Carriers Send FCC Six-Point Policy for Unlocking Mobile Phones

 
 
By Wayne Rash  |  Posted 2013-12-14 Email Print this article Print
 
 
 
 
 
 
 


While the FCC can't directly overrule the Librarian, it can find other ways to solve the problem, and the previous FCC chairman, Julius Genachowski, indicated as much when the issue came to light. Ultimately, the unlocking ban was a flawed decision based on a flawed law that had a vast number of unintended consequences.

The Commissioners have been looking for a way to get past the Librarian's decision. In a statement released after seeing the CTIA proposal, Commissioner Jessica Rosenworcel explained the Commission's thinking. "So earlier this year many of us were taken aback when a longstanding interpretation of the Digital Millennium Copyright Act was changed," she said.

"The Librarian of Congress determined that going forward, it would be unlawful for consumers to unlock their mobile phones and take them with them when they want to switch wireless providers. That means that simply taking your wireless phone to another network could subject you to criminal penalties—or even jail. There is a lot that can be said about this decision. But for starters, I think that is one powerful librarian. I also think this new approach does not make sense. Because if you have a mobile device, want to unlock it and you are not bound by a service contract—you should be able to use it on another network."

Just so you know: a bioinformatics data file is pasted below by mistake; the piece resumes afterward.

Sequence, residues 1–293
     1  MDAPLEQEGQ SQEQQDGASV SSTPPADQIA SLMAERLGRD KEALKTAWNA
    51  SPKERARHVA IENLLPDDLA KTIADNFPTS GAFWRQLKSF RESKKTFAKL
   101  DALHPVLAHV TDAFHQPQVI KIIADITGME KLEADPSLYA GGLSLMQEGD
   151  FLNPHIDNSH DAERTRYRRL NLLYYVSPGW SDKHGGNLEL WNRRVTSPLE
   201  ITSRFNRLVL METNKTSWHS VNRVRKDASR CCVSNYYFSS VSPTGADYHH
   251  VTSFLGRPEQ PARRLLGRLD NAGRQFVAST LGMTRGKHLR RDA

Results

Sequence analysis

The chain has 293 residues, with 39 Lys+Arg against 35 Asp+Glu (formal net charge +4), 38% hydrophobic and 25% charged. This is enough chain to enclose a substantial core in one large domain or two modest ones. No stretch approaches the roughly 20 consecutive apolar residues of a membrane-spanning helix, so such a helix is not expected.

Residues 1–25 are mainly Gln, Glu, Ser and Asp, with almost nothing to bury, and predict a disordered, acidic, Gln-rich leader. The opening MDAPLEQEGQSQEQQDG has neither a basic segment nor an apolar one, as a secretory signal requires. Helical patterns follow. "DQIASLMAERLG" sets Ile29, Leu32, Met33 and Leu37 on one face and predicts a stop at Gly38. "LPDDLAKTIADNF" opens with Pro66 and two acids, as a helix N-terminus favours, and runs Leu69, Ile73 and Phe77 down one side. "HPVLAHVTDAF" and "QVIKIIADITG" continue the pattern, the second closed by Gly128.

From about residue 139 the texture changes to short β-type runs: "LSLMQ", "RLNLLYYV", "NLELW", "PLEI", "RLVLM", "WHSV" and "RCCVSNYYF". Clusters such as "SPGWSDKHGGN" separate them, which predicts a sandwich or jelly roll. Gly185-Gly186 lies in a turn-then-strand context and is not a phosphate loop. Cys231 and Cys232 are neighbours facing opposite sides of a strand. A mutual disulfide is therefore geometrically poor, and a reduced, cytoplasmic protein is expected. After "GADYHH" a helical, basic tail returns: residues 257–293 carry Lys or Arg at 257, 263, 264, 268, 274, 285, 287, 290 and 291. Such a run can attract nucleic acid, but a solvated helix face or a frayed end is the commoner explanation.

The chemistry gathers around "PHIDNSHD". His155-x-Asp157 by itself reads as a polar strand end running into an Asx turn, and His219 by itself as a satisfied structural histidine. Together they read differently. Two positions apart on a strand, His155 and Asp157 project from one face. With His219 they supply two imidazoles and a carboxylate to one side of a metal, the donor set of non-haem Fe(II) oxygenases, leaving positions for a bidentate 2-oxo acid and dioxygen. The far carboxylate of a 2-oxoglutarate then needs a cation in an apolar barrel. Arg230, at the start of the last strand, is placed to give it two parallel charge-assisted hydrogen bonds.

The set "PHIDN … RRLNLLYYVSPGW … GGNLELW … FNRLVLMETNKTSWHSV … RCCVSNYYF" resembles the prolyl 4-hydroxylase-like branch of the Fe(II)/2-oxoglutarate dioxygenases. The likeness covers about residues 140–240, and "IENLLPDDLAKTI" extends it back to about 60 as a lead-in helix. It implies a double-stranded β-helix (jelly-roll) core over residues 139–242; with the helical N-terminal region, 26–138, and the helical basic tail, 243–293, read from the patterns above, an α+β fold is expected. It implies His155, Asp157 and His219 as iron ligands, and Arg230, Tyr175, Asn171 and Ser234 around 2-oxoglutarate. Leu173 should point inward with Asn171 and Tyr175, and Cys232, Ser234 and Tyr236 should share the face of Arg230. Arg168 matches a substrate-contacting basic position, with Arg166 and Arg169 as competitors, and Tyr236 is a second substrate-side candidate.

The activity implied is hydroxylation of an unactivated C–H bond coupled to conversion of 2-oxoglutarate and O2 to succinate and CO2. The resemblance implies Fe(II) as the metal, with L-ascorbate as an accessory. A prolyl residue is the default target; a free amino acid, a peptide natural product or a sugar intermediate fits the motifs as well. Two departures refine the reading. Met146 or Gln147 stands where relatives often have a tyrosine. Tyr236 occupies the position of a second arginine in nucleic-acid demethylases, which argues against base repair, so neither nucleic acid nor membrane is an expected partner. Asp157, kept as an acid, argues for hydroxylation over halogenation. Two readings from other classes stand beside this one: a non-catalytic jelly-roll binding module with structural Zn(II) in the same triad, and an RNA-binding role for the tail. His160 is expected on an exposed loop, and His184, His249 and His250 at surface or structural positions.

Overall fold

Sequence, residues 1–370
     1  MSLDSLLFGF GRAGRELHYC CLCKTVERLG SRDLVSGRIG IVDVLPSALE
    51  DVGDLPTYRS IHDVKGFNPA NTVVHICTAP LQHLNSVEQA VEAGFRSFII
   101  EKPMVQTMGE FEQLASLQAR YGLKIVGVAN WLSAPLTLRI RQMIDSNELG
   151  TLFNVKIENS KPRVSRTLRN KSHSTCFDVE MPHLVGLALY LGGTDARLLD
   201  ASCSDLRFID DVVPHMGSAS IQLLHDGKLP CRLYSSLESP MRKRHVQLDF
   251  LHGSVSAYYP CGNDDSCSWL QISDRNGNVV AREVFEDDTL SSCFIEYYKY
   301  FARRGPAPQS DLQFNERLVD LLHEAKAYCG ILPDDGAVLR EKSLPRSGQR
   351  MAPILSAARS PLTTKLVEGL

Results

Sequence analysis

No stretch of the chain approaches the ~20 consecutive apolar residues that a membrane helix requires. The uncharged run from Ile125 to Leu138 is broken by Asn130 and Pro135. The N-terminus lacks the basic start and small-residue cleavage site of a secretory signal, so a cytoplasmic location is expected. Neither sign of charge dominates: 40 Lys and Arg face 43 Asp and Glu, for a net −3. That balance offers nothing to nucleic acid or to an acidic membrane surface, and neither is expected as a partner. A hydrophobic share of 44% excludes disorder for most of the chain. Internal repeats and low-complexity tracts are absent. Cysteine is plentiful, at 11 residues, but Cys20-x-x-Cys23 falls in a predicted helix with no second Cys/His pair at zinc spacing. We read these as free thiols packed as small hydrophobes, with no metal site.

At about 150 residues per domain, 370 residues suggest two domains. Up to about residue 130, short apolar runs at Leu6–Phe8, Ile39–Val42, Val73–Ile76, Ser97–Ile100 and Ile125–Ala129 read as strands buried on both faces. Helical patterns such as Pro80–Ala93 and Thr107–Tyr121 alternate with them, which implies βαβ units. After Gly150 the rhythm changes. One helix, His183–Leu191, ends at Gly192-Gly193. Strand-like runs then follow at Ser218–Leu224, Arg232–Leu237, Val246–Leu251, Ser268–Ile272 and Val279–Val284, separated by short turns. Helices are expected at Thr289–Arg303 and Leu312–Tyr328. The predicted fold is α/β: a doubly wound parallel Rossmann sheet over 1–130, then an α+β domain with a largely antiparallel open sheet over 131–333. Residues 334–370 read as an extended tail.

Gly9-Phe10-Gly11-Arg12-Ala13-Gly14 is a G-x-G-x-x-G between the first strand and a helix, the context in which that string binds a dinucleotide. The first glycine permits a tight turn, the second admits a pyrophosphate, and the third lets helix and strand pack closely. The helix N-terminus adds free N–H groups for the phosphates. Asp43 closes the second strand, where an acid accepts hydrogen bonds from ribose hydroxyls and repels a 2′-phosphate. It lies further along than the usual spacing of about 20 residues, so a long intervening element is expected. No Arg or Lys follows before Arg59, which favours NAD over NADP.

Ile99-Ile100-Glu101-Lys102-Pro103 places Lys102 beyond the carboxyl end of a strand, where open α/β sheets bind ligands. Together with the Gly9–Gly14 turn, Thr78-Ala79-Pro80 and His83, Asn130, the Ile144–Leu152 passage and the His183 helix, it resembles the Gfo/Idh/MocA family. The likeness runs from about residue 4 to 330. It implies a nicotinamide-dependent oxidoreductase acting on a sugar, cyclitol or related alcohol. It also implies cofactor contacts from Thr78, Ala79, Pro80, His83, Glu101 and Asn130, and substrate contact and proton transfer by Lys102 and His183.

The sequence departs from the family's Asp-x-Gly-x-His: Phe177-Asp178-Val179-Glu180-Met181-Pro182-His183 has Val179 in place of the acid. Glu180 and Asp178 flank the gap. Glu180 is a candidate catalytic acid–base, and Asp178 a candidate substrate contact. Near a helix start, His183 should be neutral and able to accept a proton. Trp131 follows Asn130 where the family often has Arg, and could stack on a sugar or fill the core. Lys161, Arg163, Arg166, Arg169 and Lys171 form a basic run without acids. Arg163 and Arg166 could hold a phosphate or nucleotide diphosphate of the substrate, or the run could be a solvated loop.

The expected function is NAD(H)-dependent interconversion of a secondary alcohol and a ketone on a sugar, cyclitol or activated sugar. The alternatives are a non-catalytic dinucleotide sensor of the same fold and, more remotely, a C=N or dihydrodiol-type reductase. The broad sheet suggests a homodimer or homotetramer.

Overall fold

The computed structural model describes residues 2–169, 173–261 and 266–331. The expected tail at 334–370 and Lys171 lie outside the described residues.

The way around it was apparently to have the carrier, which is the company selling the wireless device, do the unlocking or to give permission for the unlocking and provide the necessary instructions. Phone manufacturers can already provide unlocked phones, which is why you can buy an unlocked iPhone from Apple or an unlocked BlackBerry from BlackBerry or the carrier. The Librarian of Congress has only said that the owner of the phone can't unlock it, but didn't say that the carrier or manufacturer is prohibited from doing so. Thus the workaround.

Unfortunately, this doesn't reverse the Librarian's decision, but it's hard to see how it's going to be possible to enforce it. For a criminal case to go forward in the federal courts, someone has to file a complaint.

But if everyone involved has permission to do the unlocking, who is going to complain? I suppose it's possible for the Librarian to file that complaint, but it's hard to see how it could move through the courts when you'd have different parts of the federal government opposing each other. And the FCC does have the legal authority to regulate wireless phones. I think it's a safe bet that the FCC lawyers have already researched this and believe the Commission is on solid ground.

 



 
 
 
 
 
 
 
 
 
 
 
 
 

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